The ability of water inside the tank to dissipate fish waste as it is released is another factor that informs the population of fish in an aquarium. Tanks with larger volumes tend to keep their water cleaner, even disregarding the filtration system in place.

When you have a bigger tank and install an excellent filter system, you are certain that your fish will enjoy good health.

Oxygen Availability

The amount of dissolved oxygen in water is another essential factor that determines the number of fish you can keep in an aquarium. The greater or higher the surface area, the higher or greater the tank’s holding capacity.

Any filter, be it a canister or power filter increases a tank’s theoretical load. However, for this to happen, the filters must not only excellent flow rate but also need to be sufficient for your tank.

Trickle filters offer huge increases when it comes to the surface area. They get the solution from atmospheric gases inside the water closer to the proportions contained in the room’s air.

Biological filters need oxygen for optimal functioning. For this reason, your biological filter tends to be more efficient inside a well-aerated tank.

A filter might take a fair portion of oxygen that is dissolved in water, thus not leaving any additional for extra fish.

Nonetheless, even having several filters inside the tank won’t raise the tank’s holding capacity.

Aquarium Maintenance

When considering your prospective tank’s capacity, it is important to consider the level of maintenance that will be needed for your tank.

Great maintenance such as filter cartridge replacement, and frequent, small water changes will not raise the tank’s capacity but failing to do it will decrease its capacity for sure.

Fish Size

In most if not all instances, all the fish that are available inside a pet store or shop are babies.

At best, they can be juveniles. Frequently, they will need some growing to do after you get them home. You need to account for this in the space available not only for your current tank but also for planned or anticipated upgrades to the larger tanks.

With most fish, crucial information regarding their adult size is usually available on the labels of the tanks inside the pet store.

You should also consider the size of the adult fish versa vie the tank’s dimensions. Online and offline, you can find information regarding the minimum and a maximum number of fish that you should keep in your aquarium.

Effects Of Aquarium Overpopulation

While almost every fish keeper desires to have an array of fish species on his or her aquarium, having too many can be troublesome. Many people are clueless when it comes to controlling the number of fish to add to their aquarium.

Overcrowding your aquarium will result in the following:

Lower Oxygen Levels

One of the main indicators that your aquarium might be overcrowded is low levels of oxygen. Establishing this is difficult.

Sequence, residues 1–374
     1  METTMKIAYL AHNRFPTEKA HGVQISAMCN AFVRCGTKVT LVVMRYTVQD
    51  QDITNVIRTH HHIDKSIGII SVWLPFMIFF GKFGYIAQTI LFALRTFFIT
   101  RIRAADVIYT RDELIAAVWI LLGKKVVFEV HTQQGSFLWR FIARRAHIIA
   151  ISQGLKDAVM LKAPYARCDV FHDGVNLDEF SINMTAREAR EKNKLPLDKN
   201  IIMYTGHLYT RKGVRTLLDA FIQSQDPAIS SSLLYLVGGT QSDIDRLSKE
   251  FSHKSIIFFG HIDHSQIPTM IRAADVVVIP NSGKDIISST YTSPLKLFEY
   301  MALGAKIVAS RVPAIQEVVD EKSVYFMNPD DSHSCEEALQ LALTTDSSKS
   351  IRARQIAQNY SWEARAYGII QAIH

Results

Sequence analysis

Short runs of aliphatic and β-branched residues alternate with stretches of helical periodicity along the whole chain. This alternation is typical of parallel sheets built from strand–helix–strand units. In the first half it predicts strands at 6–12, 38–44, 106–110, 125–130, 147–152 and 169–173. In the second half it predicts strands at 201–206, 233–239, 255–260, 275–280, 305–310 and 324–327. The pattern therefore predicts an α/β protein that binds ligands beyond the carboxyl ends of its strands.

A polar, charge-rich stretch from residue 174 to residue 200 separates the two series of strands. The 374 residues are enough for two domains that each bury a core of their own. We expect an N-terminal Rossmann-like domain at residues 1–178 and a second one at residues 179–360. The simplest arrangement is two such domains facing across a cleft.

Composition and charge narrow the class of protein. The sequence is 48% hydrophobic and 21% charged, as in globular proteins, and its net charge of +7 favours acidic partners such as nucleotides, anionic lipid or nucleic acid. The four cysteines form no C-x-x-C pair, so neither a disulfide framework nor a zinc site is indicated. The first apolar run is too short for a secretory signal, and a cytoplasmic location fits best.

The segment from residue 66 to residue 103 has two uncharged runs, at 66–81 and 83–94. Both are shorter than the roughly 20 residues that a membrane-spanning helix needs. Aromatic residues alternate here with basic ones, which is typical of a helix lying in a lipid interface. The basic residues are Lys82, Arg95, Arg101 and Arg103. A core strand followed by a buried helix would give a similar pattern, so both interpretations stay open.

So how do you go about it?

A sure-fire way is to observe how the fish behave. Watch the following patterns to establish whether your fish are suffering from low oxygen levels:

  1. One of the ways that you can tell your fish lack oxygen is if the fish do not eat or swim.
  2. As the oxygen levels deep further, your fish will begin to breathe heavily. The good thing is that this is visible. Their grill movements turn out to be more rapid as they search for extra oxygen.
  3. Another indication of low oxygen level is the constant grasping of fish at the water surface as they search for more air. This is a sure-fire indication that your aquarium has low levels of oxygen.

Of course you must always remember that certain fish species normally gasp at the water surface as they search for air. It is normal for them. Therefore, you should not be worried or concerned when such a thing happens.

An excellent of such a fish species is the betta fish.

Nonetheless, if it is repetitive, chances are very high that the reduced oxygen issues are present in your aquarium. What is more, is the fact that not every fish is affected in similar proportions by the deficit in oxygen levels in the environment.

High Nitrite and Ammonia Levels

Of great importance to note is the fact that ammonia, coupled with its decomposing by-product nitrite, are highly harmful or toxic to your fish.

They are a product of waste decomposition. Even in small amounts, these two can result in severe issues and even the death of your fish. An excellent way of dealing with such an issue is by efficiently and properly filtering your water.

Ensure that the aquarium is properly cycled. Moreover, a nitrification process ought to be completed before adding fish in the tank.

In most cases, if your aquarium is overcrowded, the important or beneficial bacteria will not manage to neutralize nitrites and ammonia as fast as necessary.

This can go miles to cause plenty of issues to the fish.

High Levels of Nitrate

Another issue that is related to aquarium overcrowding is high levels of nitrates. What you need to understand is that nitrate is nitrite’s by-product.

It comes about when important or beneficial bacteria decompose ammonia.

While it might be toxic to fish in tiny to medium concentrations, a high concentration of nitrates can cause serious issues to your fish. High nitrates concentration gradually affects your fish negatively in countless ways.